It is therefore expedient at this time that the City Council find and determine that a public emergency exists by reason of the foregoing and that the above entitled Ordinance be finally adopted on the day of its introduction.
    Executed at Wichita, Kansas on this day of December 18, 2018.
    MAYOR OF THE CITY OF WICHITA, KANSAS. ibid.

Sedgwick County tax exemptions

Unlike the City of Wichita, Sedgwick County has kept track of its tax exemptions.

As part of an effort to increase efficiency and management of Sedgwick County government, former county manager Michael Scholes implemented numerous changes, as detailed in the document Efficiencies in Sedgwick County government. One management accomplishment was described as this:

Developed a tax system and business intelligence query to identify Industrial Revenue Bonds (IRB) & Economic Development (EDX) tax exemptions and report foregone property tax revenues for Governmental Accounting Standards Board (GASB) 77 reporting. The report provides the ability to report by tax authority, company, and real or personal property for one (1) or up to four (4) years. Prior reporting was time consuming and error prone; requiring manual data entry into Excel spreadsheets.

The county has not made this report available on its website. To access this report in an alternative manner, click here

The City of Wichita, to my knowledge, does not provide information like this, except as a total amount in the city’s Comprehensive Annual Financial Report (CAFR). (The city and county numbers are not in agreement, and by a large amount.)

Of note, the mayor’s page on the Wichita city government website holds this: “Mayor Longwell has championed many issues related to improving the community including government accountability, accessibility and transparency …” So far, the mayor’s leadership and stewardship has not produced this level of information.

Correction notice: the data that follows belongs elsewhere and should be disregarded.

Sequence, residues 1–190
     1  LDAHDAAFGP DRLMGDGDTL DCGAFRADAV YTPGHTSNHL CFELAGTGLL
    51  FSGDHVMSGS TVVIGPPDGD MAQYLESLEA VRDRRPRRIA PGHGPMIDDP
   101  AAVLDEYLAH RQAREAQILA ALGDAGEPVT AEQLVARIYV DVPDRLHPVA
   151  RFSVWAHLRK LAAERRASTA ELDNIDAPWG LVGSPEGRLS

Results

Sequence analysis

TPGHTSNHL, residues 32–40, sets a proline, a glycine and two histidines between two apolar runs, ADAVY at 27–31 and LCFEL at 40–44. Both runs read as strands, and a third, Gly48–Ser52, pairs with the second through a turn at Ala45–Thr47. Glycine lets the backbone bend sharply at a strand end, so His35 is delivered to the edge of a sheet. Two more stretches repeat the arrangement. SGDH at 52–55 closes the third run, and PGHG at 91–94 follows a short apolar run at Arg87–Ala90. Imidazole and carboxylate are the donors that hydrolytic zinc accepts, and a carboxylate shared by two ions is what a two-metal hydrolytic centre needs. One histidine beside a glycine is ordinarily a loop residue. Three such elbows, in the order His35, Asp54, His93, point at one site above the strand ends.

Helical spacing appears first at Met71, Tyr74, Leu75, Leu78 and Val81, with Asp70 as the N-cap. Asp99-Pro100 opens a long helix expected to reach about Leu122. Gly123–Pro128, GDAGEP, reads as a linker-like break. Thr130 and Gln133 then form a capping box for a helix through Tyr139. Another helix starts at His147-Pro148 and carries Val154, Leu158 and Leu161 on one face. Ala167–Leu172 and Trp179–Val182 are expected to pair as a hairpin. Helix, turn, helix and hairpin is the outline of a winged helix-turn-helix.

Of further note, a majority of the Sedgwick County Commission decided to fire Michael Scholes.

On big contracts, Wichita has had problems

As Wichita prepares to award a large construction contract, let’s hope the city acts in an ethical manner this time.

As the Wichita City Council prepares to make a decision regarding a contract for the new baseball stadium, the council’s past reputation in these matters can’t be overlooked.

The controversy over the stadium contract has been covered by the Wichita Eagle: “The Wichita City Council hasn’t officially approved a design-build team for the city’s new $75 million Minor League ballpark, but there’s already been a protest over the recommended group. … At issue in a protest by a competing team is whether the JE Dunn team meets a key requirement to be selected, which is that it has built at least three similar Major or Minor League ballparks.” 1

The biggest potential for unethical behavior comes from Wichita Mayor Jeff Longwell. In 2012, as the Wichita city council was considering the award of the contract for the new airport terminal, Longwell (then a council member) received campaign contributions from executives of Walbridge, a Michigan construction company partnering with Key Construction to build the new Wichita airport terminal. 2